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Navigating Australian Export Controls: What industry needs to know for compliance.


Over the course of the past two years, the Australian government has been working to strengthen export controls in Australia, which includes placing new controls on intangible “exports” such as publications, emails, data access channels, and other “supplies” of technology listed on the Defence and Strategic Goods List (DSGL). These new controls will have a significant impact on the way in which the Australian defence industry conducts business across borders.

Australian companies that are not currently managing U.S. origin inventory, which has for years required export permits for the transfer and export of intangible technology controlled by the ITAR and EAR, may find the new controls on Australian origin intangibles daunting.

To understand the impact of this new legislation in Australia, industry must first become familiar with the Government’s terminology, specifically what is meant by ‘publication’ and ‘supply’ in the Defence Trade Controls Act 2012 (the Act).

The definition of “publication” that the Australian Government uses in the Act is not the layman’s definition. In the course of university research, you may be disseminating information in a way that is considered to be an intangible “supply”, instead of a “publication”.
A “publication” is considered to be placing controlled technology or information in the “public domain” by publishing it on the internet or otherwise. Publication controls apply to anyone located in Australia, or an Australian citizen or resident located outside Australia.

Where a person in Australia provides DSGL controlled technology, or access to DSGL controlled technology, to a person outside of Australia in a non-physical form such as an email, fax, phone conversation or password to a database is making an intangible “supply”. The stringency of the need to obtain a permit before the making of supplies to overseas parties depend on whether the technology is listed in Part 1 or Part 2 of the DSGL. DSGL Part 2 supplies are less stringently controlled and it is important to have a good understanding of the Act to understand where the lines are drawn. DECO has said that they will be issuing guidance later this year, possibly in September or October.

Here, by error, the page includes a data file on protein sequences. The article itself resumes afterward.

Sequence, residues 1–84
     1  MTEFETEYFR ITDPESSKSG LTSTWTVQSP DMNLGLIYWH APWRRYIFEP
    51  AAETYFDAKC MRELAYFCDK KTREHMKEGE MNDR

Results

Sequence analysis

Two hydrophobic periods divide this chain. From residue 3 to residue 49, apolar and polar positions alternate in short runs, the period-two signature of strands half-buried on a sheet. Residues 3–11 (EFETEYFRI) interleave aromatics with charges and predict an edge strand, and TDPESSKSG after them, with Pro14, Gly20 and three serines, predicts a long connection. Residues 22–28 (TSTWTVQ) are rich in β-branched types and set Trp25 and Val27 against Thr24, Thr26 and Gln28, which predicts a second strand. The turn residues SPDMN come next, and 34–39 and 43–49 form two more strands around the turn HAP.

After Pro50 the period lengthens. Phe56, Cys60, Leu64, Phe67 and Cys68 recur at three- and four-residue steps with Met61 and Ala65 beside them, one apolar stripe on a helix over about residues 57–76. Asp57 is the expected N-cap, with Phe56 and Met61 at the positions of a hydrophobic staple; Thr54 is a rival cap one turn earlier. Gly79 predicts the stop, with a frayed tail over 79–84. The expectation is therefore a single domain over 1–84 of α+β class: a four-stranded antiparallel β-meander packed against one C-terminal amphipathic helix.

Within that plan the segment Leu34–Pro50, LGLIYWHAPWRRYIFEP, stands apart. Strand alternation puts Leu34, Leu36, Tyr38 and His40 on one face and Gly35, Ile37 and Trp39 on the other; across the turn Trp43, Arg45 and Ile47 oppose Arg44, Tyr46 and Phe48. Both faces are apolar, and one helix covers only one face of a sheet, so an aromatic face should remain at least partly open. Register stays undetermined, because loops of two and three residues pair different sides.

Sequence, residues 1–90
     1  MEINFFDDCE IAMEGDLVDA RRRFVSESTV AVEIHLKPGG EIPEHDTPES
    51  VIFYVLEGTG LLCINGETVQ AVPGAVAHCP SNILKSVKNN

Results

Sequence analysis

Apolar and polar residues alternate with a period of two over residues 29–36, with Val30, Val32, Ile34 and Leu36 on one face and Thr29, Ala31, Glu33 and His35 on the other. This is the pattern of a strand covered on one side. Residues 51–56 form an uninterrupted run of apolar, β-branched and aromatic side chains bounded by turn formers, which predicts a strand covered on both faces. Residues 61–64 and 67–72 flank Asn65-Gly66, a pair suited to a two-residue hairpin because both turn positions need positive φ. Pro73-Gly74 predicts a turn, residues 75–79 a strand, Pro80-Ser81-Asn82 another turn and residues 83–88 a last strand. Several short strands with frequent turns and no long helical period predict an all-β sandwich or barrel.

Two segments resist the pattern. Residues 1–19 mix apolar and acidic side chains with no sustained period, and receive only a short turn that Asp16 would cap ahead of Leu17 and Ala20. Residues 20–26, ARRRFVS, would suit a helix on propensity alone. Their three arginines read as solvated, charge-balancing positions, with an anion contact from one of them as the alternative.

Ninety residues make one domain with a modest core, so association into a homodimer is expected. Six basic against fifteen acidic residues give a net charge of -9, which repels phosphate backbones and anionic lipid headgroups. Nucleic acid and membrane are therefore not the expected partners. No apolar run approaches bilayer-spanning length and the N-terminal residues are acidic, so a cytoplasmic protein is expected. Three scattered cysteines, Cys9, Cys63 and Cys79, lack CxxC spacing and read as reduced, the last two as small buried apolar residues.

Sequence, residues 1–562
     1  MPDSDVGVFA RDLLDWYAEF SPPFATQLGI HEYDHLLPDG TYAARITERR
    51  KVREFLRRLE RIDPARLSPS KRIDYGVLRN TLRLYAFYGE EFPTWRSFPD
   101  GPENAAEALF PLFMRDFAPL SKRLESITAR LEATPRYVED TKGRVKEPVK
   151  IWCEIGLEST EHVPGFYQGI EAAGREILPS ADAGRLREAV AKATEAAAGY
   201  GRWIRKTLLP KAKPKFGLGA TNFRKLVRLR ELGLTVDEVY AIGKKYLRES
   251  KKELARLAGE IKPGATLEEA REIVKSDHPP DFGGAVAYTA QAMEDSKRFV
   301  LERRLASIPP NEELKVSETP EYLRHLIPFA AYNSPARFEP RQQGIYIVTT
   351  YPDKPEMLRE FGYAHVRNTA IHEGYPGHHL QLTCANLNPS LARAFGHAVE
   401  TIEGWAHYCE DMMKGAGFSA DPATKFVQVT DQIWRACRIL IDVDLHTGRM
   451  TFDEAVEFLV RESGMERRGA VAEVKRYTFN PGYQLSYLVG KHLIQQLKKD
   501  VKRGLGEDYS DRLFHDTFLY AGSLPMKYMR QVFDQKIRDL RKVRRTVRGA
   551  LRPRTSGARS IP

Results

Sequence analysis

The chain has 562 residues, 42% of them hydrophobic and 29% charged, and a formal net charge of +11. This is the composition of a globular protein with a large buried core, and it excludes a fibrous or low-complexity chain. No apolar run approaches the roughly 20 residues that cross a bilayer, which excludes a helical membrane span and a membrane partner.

Whether or not your company is familiar with running a compliance program that ensures intangible exports are properly managed, there are some steps you will need to take to ensure compliance with the new Australian legislation:

1. Know your exposure

It is important to read and understand the act and determine where your company is making ‘publications’ (i.e. your company website, marketing materials, etc) and supplies (i.e. providing file access to an overseas party, sending emails containing controlled technology overseas, etc.). You will need to understand the frequency and extent of these activities and whether current activities will now require permits.

2. Educate your staff

Once your exposure is determined, it is imperative that staff is educated about where caution must be taken to avoid violating the Act. It is easy for employees to operate ‘business as usual’ and forget that a permit is now required where for decades no permission was needed to send a particular email overseas or grant an overseas affiliate login credentials to a database containing DSGL technology.

3. Update your compliance policies and procedures

You will need to create policies and procedures to ensure compliance with the Act and ensure your staff is familiar with these. It will be especially important to have subject matter experts in the company that staff can go to with curly questions, or to report inadvertent violations. One point of contact in the company or business unit for permit applications with DECO may also be prudent where possible.

4. Document and monitor your compliance efforts
The only way to prove compliance with the Act is to document important compliance efforts such as surveying staff to determine exposure, creating policies and procedures, attending awareness training, keeping records of permit applications, permits, permit conditions and audit results, etc.

Offence provisions for non-compliance with the new controls will not come into effect in 2016. However, training staff to understand the new regulations and updating your company’s compliance program may take a significant amount of time. Taking steps now to ensure compliance with the regulations before offence provisions come into effect will be critical to maintaining a successful record of compliance.

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